EVs drive VW stock through the roof: Excitement over the German auto giant’s ambitious EV goals, most recently its announcement to build 12 new battery plants by 2030, create a frenzy among investors that drove the company’s stock up as much as 32% last week. Even after cooling down, shares still ended the week up 19%.
No more subsidies for Model 3: The UK government reworks its EV subsidy program, reducing the total subsidy available to consumers from £3,000 to £2,500 and excluding any cars over £35,000. That’s bad news for Tesla, whose £40,500 Model 3 was the top beneficiary of the program last year. The soon-to-be-released Ford Mach-E won’t qualify either. The move draws criticism from many segments of the auto industry as well as from environmental groups: they argue that slashing the subsidy works against HM Government’s own goal of eliminating ICE vehicles sales by 2030.
Agencies tussle over AVs: The National Transportation Safety Board, an independent U.S. government agency responsible for investigating major transportation-related accidents, tells the National Highway Traffic Safety Administration to get serious about regulating AV safety. In a letter, NTSB Chairman Robert Sumwalt says the NHTSA is largely allowing manufacturers to “define safety.” He lays out a number of recommended requirements, including in-car monitoring systems and collision avoidance systems. The letter, obtained last week by CNBC, was penned on Feb. 1, more than one month before a Tesla on autopilot drove underneath the trailer of a semi-truck, causing two critical injuries. The NHTSA is sending a team to investigate the crash, strikingly similar to two other Tesla autopilot crashes in recent years.
SAIC says AVs by 2022: The Chinese auto giant says that a new partnership with lidar maker Luminar Technologies will yield partially autonomous vehicles that will be available to Chinese consumers as early as next year. At the start, the cars will be driverless on highways and include a number of driver assistance features for urban driving.
Yandex beats the Russian Winter: The freezing temperatures and snow that brought down Napoleon have been conquered by Yandex, Russia’s largest tech firm. Yandex vehicles (Toyotas or Hyundais with Yandex software) have now driven 6 million miles on Moscow streets over three years of testing, but the company is particularly proud of how they fare in the face of challenging winter conditions. By designing neural networks to filter snow out of the lidar point cloud, its cars continued to see and focus on all of the things that matter: notably pedestrians and other vehicles.
Big appetite for Unagi: Unagi, the Oakland-based subscription scooter service that shares the name of a delicious type of sushi, is expanding to six new cities: San Francisco, Austin, Seattle, Phoenix, Nashville and Miami. And it’s expanding its service in New York City and Los Angeles, where it has been operating a $40-a-month subscription service since last summer. The company just received $10.5 million from a Series A funding round led by Ecosystem Integrity Fund. The subscription model is an interesting compromise between buying a scooter and relying on dockless street rentals and may prove attractive in lower-density parts of cities where it’s often hard to find a shared e-scooter.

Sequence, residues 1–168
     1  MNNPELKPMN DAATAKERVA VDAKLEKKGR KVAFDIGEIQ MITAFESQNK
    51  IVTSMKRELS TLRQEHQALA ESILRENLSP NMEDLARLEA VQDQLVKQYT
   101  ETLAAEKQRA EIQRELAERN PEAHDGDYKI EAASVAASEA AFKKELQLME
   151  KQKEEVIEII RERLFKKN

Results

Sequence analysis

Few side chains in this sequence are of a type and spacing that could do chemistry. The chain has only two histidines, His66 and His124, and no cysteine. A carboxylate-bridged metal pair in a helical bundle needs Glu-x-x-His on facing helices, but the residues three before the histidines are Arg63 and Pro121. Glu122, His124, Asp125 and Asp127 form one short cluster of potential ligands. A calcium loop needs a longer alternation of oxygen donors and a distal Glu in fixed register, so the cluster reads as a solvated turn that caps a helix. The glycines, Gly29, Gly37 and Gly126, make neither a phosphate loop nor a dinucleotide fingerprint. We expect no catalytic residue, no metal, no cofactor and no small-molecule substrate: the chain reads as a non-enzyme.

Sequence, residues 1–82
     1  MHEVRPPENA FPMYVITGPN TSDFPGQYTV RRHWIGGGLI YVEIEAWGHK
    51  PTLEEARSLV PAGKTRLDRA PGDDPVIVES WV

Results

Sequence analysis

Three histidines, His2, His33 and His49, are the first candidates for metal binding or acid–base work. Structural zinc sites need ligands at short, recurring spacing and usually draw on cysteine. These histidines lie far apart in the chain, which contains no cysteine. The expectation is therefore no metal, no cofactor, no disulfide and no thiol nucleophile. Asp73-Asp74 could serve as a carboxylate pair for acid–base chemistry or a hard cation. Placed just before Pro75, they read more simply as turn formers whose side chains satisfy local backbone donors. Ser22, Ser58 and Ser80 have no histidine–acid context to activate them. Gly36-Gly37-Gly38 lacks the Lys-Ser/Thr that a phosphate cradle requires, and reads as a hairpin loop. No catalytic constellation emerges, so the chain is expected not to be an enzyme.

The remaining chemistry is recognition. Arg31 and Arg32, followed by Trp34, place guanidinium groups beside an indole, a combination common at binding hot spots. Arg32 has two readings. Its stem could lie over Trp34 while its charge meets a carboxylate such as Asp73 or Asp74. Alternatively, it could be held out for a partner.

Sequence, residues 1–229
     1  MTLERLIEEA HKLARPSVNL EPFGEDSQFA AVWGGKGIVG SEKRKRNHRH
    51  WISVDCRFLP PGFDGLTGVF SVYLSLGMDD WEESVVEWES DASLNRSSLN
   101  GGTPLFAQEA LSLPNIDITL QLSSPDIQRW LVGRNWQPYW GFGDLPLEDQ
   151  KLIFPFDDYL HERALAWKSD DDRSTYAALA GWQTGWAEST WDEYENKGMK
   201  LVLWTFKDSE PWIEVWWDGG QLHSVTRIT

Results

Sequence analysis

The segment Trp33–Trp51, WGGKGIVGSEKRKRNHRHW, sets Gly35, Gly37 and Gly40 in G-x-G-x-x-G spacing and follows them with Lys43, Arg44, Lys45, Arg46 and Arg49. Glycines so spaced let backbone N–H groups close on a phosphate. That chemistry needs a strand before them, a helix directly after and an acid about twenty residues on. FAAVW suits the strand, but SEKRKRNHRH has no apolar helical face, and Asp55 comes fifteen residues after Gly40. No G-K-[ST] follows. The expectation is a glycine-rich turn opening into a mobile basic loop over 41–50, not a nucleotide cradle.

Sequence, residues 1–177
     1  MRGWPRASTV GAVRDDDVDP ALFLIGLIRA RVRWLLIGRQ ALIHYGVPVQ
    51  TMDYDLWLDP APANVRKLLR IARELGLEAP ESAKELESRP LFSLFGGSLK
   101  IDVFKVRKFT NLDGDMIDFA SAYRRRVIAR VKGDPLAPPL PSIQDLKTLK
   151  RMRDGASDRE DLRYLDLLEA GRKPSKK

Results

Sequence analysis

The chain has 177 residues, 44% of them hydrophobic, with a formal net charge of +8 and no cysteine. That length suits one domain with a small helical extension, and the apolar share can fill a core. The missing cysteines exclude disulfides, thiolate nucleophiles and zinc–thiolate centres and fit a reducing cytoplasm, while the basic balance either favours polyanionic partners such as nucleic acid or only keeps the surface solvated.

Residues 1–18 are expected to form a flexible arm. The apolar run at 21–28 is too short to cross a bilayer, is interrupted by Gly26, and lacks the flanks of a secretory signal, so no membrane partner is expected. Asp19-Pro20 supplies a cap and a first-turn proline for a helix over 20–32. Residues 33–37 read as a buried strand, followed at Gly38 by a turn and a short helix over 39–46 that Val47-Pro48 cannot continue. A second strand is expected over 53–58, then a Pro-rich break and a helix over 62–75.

A climate-friendly superhighway: The transit agency serving San Jose and Santa Clara is eyeing a 10-mile continuous “bike superhighway” running through the two cities. A committee is reviewing three alternatives, each of which offers pros and cons in terms of scenic beauty, access to jobs and retail and safety. Finally, a highway project we can be excited about!
A bike fit for a spaceman: A startup is using a technology NASA developed for planetary rovers to make airless alloy bike tires. Los Angeles-based SMART Tire Company worked with the space agency to develop the tires, the first consumer product that makes use of “airless shape memory alloy” technology. This is designed to not only protect wheels against punctures, hopefully also reducing the amount of rubber heading to landfills.
Mass Transit Magazine takes a look at how Metrolinx, the transit agency in Ontario, is implementing an ancient Japanese practice, Shisa Kanko, to improve door operations.
Writing in Slate, Henry Grabar implores us to stop describing the thousands of American cyclists who are killed or critically injured each year as the victims of “bike accidents,” since they’re almost always hit by cars.
Bloomberg CityLab asks if shared mobility will survive the pandemic.
Cruise into public affairs: GM’s AV subsidiary has been growing in a lot of ways recently. In December it began testing vehicles in San Francisco without any human operator. Last week it acquired fellow AV startup Voyage. The company is looking for a public affairs manager to navigate the thorny public policy debates that will accompany this era of rapid change.
A Swede opportunity: Amidst a flurry of EV commitments from automakers, Volvo’s sticks out at the most ambitious. The Swedish brand says it will be all-EV by 2030, five years ahead of GM. The company has roughly 600 positions open around the world –– India, Sweden, Belgium, U.S., U.K., among other locations –– that will aid in that pursuit.